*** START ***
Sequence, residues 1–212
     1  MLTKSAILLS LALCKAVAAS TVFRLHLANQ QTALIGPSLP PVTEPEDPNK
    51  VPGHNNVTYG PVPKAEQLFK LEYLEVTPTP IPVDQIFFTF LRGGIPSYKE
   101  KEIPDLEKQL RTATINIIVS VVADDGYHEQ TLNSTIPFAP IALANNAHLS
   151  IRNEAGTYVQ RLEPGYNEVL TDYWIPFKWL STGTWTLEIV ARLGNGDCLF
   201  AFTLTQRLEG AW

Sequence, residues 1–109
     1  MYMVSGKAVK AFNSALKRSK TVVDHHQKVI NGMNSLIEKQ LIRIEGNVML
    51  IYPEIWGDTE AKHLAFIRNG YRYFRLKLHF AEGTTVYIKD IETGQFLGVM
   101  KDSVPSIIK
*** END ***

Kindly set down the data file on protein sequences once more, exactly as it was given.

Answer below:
Sequence, residues 1–212
     1  MLTKSAILLS LALCKAVAAS TVFRLHLANQ QTALIGPSLP PVTEPEDPNK
    51  VPGHNNVTYG PVPKAEQLFK LEYLEVTPTP IPVDQIFFTF LRGGIPSYKE
   101  KEIPDLEKQL RTATINIIVS VVADDGYHEQ TLNSTIPFAP IALANNAHLS
   151  IRNEAGTYVQ RLEPGYNEVL TDYWIPFKWL STGTWTLEIV ARLGNGDCLF
   201  AFTLTQRLEG AW

Sequence, residues 1–109
     1  MYMVSGKAVK AFNSALKRSK TVVDHHQKVI NGMNSLIEKQ LIRIEGNVML
    51  IYPEIWGDTE AKHLAFIRNG YRYFRLKLHF AEGTTVYIKD IETGQFLGVM
   101  KDSVPSIIK